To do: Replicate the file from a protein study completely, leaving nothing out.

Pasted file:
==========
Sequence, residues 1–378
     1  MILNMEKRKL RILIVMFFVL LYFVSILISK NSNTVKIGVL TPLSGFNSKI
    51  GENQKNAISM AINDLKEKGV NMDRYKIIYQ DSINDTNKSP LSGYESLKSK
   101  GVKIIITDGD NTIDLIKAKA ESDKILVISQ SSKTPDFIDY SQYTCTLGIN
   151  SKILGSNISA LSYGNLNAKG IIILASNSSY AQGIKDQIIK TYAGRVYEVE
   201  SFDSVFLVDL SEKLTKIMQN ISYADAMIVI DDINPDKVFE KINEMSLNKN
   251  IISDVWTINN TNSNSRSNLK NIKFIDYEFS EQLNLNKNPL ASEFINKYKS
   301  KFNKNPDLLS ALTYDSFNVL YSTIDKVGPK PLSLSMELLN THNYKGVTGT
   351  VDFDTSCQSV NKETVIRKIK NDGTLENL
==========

Sequence, residues 1–378
     1  MILNMEKRKL RILIVMFFVL LYFVSILISK NSNTVKIGVL TPLSGFNSKI
    51  GENQKNAISM AINDLKEKGV NMDRYKIIYQ DSINDTNKSP LSGYESLKSK
   101  GVKIIITDGD NTIDLIKAKA ESDKILVISQ SSKTPDFIDY SQYTCTLGIN
   151  SKILGSNISA LSYGNLNAKG IIILASNSSY AQGIKDQIIK TYAGRVYEVE
   201  SFDSVFLVDL SEKLTKIMQN ISYADAMIVI DDINPDKVFE KINEMSLNKN
   251  IISDVWTINN TNSNSRSNLK NIKFIDYEFS EQLNLNKNPL ASEFINKYKS
   301  KFNKNPDLLS ALTYDSFNVL YSTIDKVGPK PLSLSMELLN THNYKGVTGT
   351  VDFDTSCQSV NKETVIRKIK NDGTLENL